Thank you, Jones.  That's an interesting account.  It's always frustrating
when replications are attempted only half-heartedly and without attention
to detail or followup.  Have you considered writing up a protocol for the
pitchblend experiment?

Eric


On Fri, Mar 30, 2018 at 8:59 PM, JonesBeene <jone...@pacbell.net> wrote:

>
>
> *From: *Eric Walker <eric.wal...@gmail.com>
>
>
>
> I'm curious whether any of those replications have been outside of the
> LENR field.
>
>
>
> Eric
>
>
>
> Several years ago, not long after the P&F announcement - this was a hot
> topic on various forums. I participated in one replication attempt, since
> at the time I had a working Tesla coil (Ouidin coil)  setup which was an
> ideal vehicle to demonstrate the effect as it is more of a bipolar
> resonator giving a large swing in alternating HV potential across a sample.
>
>
>
> We were able to show two orders of magnitude increase in the rate at which
> pitchblende decayed … but that rate gain attenuated after several days.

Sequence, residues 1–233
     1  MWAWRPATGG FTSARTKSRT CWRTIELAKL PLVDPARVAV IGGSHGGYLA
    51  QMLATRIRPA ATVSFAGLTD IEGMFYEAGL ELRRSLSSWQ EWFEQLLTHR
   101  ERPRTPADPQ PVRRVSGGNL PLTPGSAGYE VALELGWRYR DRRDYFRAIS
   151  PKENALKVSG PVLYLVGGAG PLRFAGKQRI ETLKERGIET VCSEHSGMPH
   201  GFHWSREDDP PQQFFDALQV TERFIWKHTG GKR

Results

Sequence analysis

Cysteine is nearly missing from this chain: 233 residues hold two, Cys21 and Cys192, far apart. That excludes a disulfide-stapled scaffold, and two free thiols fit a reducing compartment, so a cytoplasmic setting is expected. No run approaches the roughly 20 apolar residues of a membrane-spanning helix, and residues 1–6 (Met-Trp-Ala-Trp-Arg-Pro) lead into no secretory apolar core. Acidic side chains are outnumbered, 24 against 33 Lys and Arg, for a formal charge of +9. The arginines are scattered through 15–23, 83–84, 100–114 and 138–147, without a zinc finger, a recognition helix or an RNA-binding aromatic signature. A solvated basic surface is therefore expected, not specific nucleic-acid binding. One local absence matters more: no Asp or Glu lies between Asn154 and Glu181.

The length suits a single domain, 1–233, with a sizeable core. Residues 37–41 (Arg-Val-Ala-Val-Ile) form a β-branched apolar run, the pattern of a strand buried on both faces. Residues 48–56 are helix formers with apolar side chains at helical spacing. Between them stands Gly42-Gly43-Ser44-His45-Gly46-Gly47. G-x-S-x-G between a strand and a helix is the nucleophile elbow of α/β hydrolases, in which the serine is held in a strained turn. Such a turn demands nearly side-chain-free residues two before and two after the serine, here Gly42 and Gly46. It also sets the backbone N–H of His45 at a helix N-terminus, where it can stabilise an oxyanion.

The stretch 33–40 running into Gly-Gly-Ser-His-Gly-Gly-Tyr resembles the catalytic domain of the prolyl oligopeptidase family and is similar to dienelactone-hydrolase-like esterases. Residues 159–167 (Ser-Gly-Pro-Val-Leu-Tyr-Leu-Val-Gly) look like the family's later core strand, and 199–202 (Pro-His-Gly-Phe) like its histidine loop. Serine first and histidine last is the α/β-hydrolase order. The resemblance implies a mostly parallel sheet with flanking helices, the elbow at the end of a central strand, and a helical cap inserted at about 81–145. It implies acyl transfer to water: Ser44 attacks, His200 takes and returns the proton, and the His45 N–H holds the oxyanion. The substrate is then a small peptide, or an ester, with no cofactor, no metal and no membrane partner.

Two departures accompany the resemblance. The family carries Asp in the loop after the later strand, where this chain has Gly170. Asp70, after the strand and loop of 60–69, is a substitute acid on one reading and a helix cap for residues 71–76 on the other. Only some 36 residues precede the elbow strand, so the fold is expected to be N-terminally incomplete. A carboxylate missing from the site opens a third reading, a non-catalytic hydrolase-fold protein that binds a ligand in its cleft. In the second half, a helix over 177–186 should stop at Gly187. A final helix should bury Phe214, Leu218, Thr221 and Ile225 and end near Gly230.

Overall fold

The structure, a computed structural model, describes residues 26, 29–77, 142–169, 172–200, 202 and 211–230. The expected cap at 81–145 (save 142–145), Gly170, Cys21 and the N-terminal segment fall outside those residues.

> This generated some interest at Cal (Berkeley).
>
>
>
> The PhDs who ostensibly tried a replication experiment of the Barker
> patent (for unknown reasons)  proceeded with a setup which was completely
> inadequate and (as expected) showed a null result. This null result
> squelched any further interest in our funders.
>
>
>
> Sadly the geniuses at Cal missed two  important details – which are that
> the effect works best (or only) on minerals (especially oxides of U and Th)
> and almost never works on a pure metal isotope like Californium IIRC  and
> second that the electric field must be arranged to have an extreme
> variation - such that the sample sees alternating voltage polarity over its
> surface and not a purely static field. As I recall, the details are
> explained in the patent. Researchers often hate to work with minerals since
> there is so much variability in composition... but still…
>
>
>
> An effect which is stated not to work with metals is doomed from the start
> - if you use a metal. Anyway – everyone seemed to move to LENR after this
> and it was mostly forgotten.
>
>
>
> The main reason that even a large increase in the decay rate of a mineral
> like pitchblende cannot be easily commercialized is that even at a factor
> of 100 improvement, the half-life may drop from several billion years to
> several tens of million years, but still far from breakeven, considering
> the power put into the HV input. Even so, it is probably something that
> should have been continued.
>
>
>
> I see the assignee is Altran Corporation which may still have an interest
> but it may not be the well-known Altran.
>
>
>
> Jones
>
>
>
>
>

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